Our study investigated nematode dispersal through air and potential for rafting by a various set up of field experiments conducted in the Western-Scheldt estuary. In experiment I, we assessed differences in relative abundance of nematodes colonizing algae in boxes on high poles through air by wind transport ("open boxes") and by exclusion of invertebrate vectors ("gauzed boxes"). In experiment II, we investigating the importance of nematode colonization through air ("air only") versus through air and tidal currents ("air+sea", lower boxes). In experiment III, we investigated the difference in relative abundances of nematodes inside and outside macroalgal structures of Fucus sp., namely floating bladders and receptacula; using qPCR for nematode Litiditis marina species on a cryptic level if present.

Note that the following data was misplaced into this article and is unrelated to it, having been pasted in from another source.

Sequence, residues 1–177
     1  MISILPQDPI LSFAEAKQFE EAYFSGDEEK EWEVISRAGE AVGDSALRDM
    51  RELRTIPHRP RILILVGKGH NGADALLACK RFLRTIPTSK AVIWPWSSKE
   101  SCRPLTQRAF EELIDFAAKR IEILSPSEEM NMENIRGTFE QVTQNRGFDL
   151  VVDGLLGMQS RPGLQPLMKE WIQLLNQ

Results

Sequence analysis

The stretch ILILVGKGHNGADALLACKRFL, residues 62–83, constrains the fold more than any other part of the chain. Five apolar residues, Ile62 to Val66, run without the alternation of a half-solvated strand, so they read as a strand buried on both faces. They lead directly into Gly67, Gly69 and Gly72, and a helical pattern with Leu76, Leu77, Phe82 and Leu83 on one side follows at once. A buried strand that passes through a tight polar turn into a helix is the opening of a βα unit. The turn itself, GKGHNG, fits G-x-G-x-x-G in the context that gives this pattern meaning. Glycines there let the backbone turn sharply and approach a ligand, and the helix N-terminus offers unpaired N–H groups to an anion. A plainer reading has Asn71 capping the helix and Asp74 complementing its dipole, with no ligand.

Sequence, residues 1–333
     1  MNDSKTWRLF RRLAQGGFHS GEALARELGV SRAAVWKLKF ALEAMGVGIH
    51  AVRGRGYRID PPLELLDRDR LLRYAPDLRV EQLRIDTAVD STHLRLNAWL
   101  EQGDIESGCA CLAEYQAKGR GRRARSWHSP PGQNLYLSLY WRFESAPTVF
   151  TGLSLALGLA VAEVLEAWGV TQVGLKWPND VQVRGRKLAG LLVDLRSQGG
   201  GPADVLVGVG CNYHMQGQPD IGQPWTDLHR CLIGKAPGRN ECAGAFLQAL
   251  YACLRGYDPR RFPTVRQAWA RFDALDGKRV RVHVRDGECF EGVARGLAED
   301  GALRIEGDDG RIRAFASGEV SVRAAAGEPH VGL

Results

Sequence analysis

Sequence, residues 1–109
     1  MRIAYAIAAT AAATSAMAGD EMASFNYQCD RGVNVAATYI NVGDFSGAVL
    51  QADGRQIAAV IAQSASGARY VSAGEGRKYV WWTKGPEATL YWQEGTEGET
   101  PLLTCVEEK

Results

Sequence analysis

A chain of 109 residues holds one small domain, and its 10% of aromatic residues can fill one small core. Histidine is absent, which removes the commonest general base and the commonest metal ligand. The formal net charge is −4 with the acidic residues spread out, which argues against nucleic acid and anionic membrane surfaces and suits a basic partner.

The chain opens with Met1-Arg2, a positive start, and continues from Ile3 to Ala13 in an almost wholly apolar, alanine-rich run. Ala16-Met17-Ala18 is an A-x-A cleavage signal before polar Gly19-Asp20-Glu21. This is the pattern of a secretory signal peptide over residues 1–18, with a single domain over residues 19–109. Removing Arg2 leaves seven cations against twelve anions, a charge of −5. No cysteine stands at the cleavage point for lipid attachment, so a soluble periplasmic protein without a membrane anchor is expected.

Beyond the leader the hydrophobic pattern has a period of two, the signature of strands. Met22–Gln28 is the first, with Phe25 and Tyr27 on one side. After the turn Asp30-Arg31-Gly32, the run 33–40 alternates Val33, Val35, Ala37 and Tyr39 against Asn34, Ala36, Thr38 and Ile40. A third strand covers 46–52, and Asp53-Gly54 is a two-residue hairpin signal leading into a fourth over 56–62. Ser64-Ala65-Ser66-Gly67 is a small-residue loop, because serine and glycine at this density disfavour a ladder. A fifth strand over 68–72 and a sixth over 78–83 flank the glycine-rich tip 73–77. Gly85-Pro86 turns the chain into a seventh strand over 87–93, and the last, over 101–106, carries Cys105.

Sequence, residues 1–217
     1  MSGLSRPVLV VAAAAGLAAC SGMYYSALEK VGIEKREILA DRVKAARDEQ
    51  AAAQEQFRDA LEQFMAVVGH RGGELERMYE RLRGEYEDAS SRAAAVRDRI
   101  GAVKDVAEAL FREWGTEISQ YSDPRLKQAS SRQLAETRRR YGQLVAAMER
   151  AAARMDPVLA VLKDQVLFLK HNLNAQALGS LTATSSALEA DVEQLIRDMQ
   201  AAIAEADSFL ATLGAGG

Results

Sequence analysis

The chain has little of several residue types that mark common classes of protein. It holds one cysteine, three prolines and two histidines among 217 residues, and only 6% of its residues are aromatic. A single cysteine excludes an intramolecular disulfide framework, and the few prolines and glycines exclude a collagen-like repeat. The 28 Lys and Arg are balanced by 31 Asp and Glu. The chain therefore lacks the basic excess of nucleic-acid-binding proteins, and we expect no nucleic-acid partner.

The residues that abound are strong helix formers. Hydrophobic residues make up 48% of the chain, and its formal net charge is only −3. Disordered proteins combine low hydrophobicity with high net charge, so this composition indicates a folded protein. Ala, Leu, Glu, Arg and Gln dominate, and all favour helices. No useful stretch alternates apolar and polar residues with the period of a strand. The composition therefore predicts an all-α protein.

Dispersal is an important life-history trait. In marine meiofauna, and particularly in nematodes, dispersal is generally considered to be mainly passive, i.e. through transport with water currents after erosion from the sediment or from algal substrata. Because nematodes have no larval dispersal stage and have a poor swimming ability, their dispersal capacity is expected to be limited. Nevertheless, many marine nematode genera and even species have near-cosmopolitan distributions, and at much smaller spatial scales, can rapidly colonise new habitat patches. Here we demonstrate that certain marine nematodes, like the morphospecies Litoditis marina, can hide inside macroalgal structures such as receptacula (especially PM I L. marina cryptic species) and, to a lesser extent, floating bladders, which may allow them to raft over large distances with drifting macroalgae. We also demonstrate for the first time that these nematodes can colonize new habitat patches, such as newly deposited macroalgal wrack in the intertidal, not only through water but also through air. Our experimental set-up demonstrates that this aerial transport is probably the result of hitchhiking on vectors such as insects, which visit and move between the patches of deposited algae. Transport by wind, which has been observed for terrestrial nematodes and freshwater zooplankton, could not be demonstrated. These results can be important for our understanding of both large-scale geographic distribution patterns and of the small-scale colonization dynamics of habitat patches by marine nematodes.